We were obliged to join yet another police convoy from Luxor to Aswan, so we fronted up at a car park to join the tourist buses and minibuses and a few private travellers like us very early in the morning. We were not as big a convoy, only about 50 vehicles, as the one from Hurgarda to Luxor which numbered in the hundreds. We were the last in the convoy so had the police truck right behind us. When they felt we weren't going fast enough they would speed up and sit about a metre off our tail. Other times they would drop right back. Sometimes they disappeared altogether, and then suddenly we would look behind and there they would be, riding our tail again and blasting their siren.
Once in Aswan, fun and games again. The hotel we were to stay at had sold our rooms - plenty of room tomorrow night, just not tonight. So Debs and Theimo went off to find rooms. A few streets away (and closer to town) we got them, only not with parking and the trucks had to stay on the street. This not too much of an issue in Egypt - while the Egyptians can't help but try and hustle4 your money out of you, they apparently don't steal. Our trucks, all with quite a bit of gear on the roof racks were completely untouched for the time they were parked there.
Saturday, then; big day for the registered drivers - paperwork day. All those with Egyptian licences (the males of our party) had to go off to some little office to get the cars out of the country. This meant stamps in passports, hand in Egyptian licences, hand in Egyptian plates and so on. This process started at 9am in the aforementioned office. But guess what. The only man who could do this wasn't there and after several houurs it was clear he wasn't going to be there. Without all the relevant paperwork and stamps (must have the right stamps...), the cars couldn't be loaded onto the barge and sent on their way to Sudan. Debs and Thiemeo spent frantic hours trying to raise people, talking to their local agent, trying to get things under way. The next day we had to leave it up to them as Fred and ourselves had booked a trip to Abu Simbel.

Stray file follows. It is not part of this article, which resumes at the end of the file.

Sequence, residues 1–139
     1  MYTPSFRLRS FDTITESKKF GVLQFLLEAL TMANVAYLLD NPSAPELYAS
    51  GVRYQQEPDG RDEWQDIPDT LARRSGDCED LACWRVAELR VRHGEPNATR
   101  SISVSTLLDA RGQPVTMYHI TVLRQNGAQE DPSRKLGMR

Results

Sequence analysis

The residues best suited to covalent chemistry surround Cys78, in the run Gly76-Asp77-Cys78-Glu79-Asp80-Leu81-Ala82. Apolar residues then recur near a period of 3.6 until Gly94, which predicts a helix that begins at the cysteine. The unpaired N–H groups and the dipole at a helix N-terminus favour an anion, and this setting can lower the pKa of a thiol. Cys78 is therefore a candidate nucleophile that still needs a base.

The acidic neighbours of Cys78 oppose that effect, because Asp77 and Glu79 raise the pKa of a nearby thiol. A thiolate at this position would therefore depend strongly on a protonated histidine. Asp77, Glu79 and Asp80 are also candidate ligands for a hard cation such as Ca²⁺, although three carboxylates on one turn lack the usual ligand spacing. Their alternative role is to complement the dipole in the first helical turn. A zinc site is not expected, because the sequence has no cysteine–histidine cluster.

Abu Simbel is amazing. It comprises the temples of Ramses II and of his wifeNefatari which were moved bock by block before the waters of lake Nasser would cover them. An incredible feat of engineering, and if you look closely you can see the joins! Even the mountain face was moved and reassembled. But the journey there and back was something else. A 3am start from the hotel where we were picked up by a minbus which then had to wait in the police compound till 4.30am when, you guessed it, we had to join an armed police escot the 280kms there. Our minbus had a diff whine to deafen you and Russ wondered when we would just break down in the desert and start walking. And of course the journey was at full speed, travelling about 2 metres behind the huge coach in front - slipstreaming - and with all the vehicles vying to get to the front andovertaking in the most awful places, crests, blind curves, you name it. Par for the course - we should be used to it by now!
When we got back the cars had finally been loaded onto the barge and all paperwork done. Debs and Thiemo looked visibly relieved.
Our final adventure for the group in Egypt was a wonderful afternoon, sailing aong the Nile on a felucca. Peaceful, quiet, and relaxing for all of us. After being dropped off on the opposite bank to Aswan proper,we made our way to a local Nubian house for tea and dinner. We stepped inside a coutryarded, sand-floored house to meet the family, were offered tea and allowed to have a look around. Then the mats came out, we sat on the floor and we were served chicken, salads, rice ad soups. All of it was excellent. Rather than leave a tip, we opted to buy some goods from them that they had for sale - handmade jewelery, hats, scarves etc. Jenny, Linda and I decided to also have a tattoo, something we had been talking about. So I now have an Eye of Horus on my left arm.
This will be the last blog I can put up for at least a week as we are off to the port on Lake Nassar this afternoon to board the passenger ferry for Wadi Halfa in the Sudan. We will be driving across the Nubian Desert (no roads) and bush camping until we get to Khartoum.
PS Mum, it's not a real tattoo - it's henna.